A kind of musical authenticity Julian Dodd thinks has been neglected, interpretive authenticity, as he calls it, is intended to provide both an insightful and faithful understanding of the work. This kind of authenticity is distinguished from score compliance authenticity (a view I have defended) on grounds that an authentic musical interpretation can sometimes deliberately depart from the score. I argue that none of the four examples Dodd offers in favour of this hypothesis is uncontroversial. I have less faith than (...)
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  31. Stephen Davies (1997). ""John Cage's 4'33": Is It Music? Australasian Journal of Philosophy 75 (4):448 – 462.
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  32.  29
    S. Davies (2010). Why Art Is Not a Spandrel. British Journal of Aesthetics 50 (4):333-341.
    If one views humans’ creation and appreciation of art as grounded in our biological nature, it might be tempting to see art as a spandrel, as an adventitious by-product of some adaptation without adaptive significance in itself. Such a position connects art to our evolved human nature yet apparently avoids the demands of demonstrating how art behaviours enhanced the fitness of our ancestors in the Upper Paleolithic. In this paper I explore two arguments that count against the view that art (...)
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  33.  72
    Stephen Davies (1999). Response to Robert Stecker. British Journal of Aesthetics 39 (3):282-287.
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  34.  42
    Stephen Davies (1997). First Art and Art's Definition. Southern Journal of Philosophy 35 (1):19-34.
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  35.  64
    Stephen Davies (1988). Transcription, Authenticity and Performance. British Journal of Aesthetics 28 (3):216-227.
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  36.  42
    S. Davies (2013). The Mess Inside: Narrative, Emotion, and the Mind. British Journal of Aesthetics 53 (2):247-249.
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  37.  78
    Stephen Davies (1983). Is Music a Language of the Emotions? British Journal of Aesthetics 23 (3):222-233.
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  38.  53
    S. Davies (1980). The Expression of Emotion in Music. Mind 89 (353):67-86.
  39.  80
    Stephen Davies (2003). I Wanna Be Me: Rock Music and the Politics of Identity. British Journal of Aesthetics 43 (2):199-201.
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  40.  49
    Stephen Davies (1987). Authenticity in Musical Performance. British Journal of Aesthetics 27 (1):39-50.
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  41.  49
    C. Currie, J. Green, S. Davies & C. Morgan (1997). Cost Effectiveness of Medical Ethics Training. Journal of Medical Ethics 23 (5):328-328.
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  42.  72
    Stephen Davies (1988). Authenticity in Performance: A Reply to James O. Young. British Journal of Aesthetics 28 (4):373-376.
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  43.  21
    Stephen Davies (2002). Profundity in Instrumental Music. British Journal of Aesthetics 42 (4):343-356.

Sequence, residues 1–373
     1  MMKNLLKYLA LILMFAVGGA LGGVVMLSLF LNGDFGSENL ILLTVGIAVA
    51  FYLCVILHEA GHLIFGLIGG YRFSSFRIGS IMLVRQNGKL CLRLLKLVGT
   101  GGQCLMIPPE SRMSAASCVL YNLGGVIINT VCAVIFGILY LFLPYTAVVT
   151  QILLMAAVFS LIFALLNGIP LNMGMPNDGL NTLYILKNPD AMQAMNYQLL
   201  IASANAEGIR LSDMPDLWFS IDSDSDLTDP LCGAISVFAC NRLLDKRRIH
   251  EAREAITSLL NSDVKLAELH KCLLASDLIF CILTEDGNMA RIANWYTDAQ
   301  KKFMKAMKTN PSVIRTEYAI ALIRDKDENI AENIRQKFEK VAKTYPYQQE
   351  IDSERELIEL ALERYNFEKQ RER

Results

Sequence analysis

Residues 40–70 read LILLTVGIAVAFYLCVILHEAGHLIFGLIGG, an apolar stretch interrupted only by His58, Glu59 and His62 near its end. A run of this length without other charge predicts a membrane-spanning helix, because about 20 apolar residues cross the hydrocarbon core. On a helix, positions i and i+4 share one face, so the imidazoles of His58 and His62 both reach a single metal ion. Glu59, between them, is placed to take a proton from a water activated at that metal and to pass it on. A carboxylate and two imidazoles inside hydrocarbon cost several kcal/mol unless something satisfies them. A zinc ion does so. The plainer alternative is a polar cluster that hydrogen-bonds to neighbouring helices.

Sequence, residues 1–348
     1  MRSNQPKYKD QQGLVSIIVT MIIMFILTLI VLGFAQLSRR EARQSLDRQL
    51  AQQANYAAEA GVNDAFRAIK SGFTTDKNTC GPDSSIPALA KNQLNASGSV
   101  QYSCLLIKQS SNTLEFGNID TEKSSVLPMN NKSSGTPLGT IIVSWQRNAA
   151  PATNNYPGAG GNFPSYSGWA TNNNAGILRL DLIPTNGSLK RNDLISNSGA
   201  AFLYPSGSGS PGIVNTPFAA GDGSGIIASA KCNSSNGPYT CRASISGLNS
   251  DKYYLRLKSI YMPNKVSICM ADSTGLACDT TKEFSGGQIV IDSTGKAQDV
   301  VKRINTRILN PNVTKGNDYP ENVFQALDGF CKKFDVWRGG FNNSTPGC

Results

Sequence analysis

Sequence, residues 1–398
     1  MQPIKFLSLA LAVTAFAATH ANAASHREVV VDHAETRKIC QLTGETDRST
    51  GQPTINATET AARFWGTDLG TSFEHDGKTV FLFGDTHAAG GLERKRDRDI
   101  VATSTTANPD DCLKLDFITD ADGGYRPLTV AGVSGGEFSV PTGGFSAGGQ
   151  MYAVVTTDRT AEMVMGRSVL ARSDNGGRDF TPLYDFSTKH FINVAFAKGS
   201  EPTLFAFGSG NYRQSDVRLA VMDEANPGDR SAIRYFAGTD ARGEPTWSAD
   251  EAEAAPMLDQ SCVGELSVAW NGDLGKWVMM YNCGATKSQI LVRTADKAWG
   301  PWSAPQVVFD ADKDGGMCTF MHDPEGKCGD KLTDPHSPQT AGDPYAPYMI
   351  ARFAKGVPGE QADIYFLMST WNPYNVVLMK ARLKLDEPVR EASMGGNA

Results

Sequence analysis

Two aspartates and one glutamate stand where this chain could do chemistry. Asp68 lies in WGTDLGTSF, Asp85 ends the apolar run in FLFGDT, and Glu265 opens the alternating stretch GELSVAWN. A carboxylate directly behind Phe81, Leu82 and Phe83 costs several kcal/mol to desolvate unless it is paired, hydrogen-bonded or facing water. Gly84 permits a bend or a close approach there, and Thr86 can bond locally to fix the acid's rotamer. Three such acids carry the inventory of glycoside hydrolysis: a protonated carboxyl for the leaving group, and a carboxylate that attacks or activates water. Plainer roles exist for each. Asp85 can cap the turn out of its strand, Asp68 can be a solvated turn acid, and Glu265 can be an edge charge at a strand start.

According to Peter Kivy, to be profound, music would have to be about a profound subject that is treated in an exemplary way. Instrumental music does not satisfy this definition; usually it is not about anything humanly important, and when it is, it can convey no more than banalities. Like others, I argue against the propositional character of Kivy's ‘aboutness’ criterion; profundity can be revealed or displayed other than via statements and descriptions. I am less inclined than some of Kivy's (...)
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  44.  19
    Stephen Davies (1982). The Aesthetic Relevance of Authors' and Painters' Intentions. Journal of Aesthetics and Art Criticism 41 (1):65-76.
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  45.  26
    Stephen Davies (2008). Musical Works and Orchestral Colour. British Journal of Aesthetics 48 (4):363-375.
    known as timbral sonicism, accepts that a musical work's orchestral colour is a factor in its identity, but denies that the use of the specified instruments is required for an authentic rendition of the work provided that sounds as of those instruments are achieved. This position has been defended by Julian Dodd. In arguing against his view, I appeal to empirical work showing that composers, musicians, and listeners typically hear through music to the actions that go into its production. In (...)
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  46.  75
    Stephen J. Davies (2005). Ellen Dissanayake's Evolutionary Aesthetic. Biology and Philosophy 20 (2-3):291-304.
    Dissanayake argues that art behaviors – which she characterizes first as patterns or syndromes of creation and response and later as rhythms and modes of mutuality – are universal, innate, old, and a source of intrinsic pleasure, these being hallmarks of biological adaptation. Art behaviors proved to enhance survival by reinforcing cooperation, interdependence, and community, and, hence, became selected for at the genetic level. Indeed, she claims that art is essential to the fullest realization of our human nature. I make (...)
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  47.  62
    Stephen Davies (2010). Functional Beauty Examined. Canadian Journal of Philosophy 40 (2):315-332.
    In Functional Beauty, Glenn Parsons and Allen Carlson defend the importance of Functional Beauty—that is, the view that an item's fitness (or otherwise) for its proper function is a source of positive (or negative) aesthetic value—within a unified comprehensive aesthetic theory that encompasses art, the everyday, animals and organic nature, natural environments and inorganic nature, and artifacts. In the following section, I outline the main lines of argument presented in the book. I then criticize some of these arguments. I do (...)
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  48.  8
    S. Davies (2014). Replies to My Critics. British Journal of Aesthetics 54 (4):493-498.
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  49.  7
    Stephen Davies (2001). Una improbable última paraula sobre la mort de l'art. Enrahonar 32 (33):191-201.
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  50.  50
    Stephen Davies (1992). Mozart's Requiem? A Reply to Levinson. British Journal of Aesthetics 32 (3):254-257.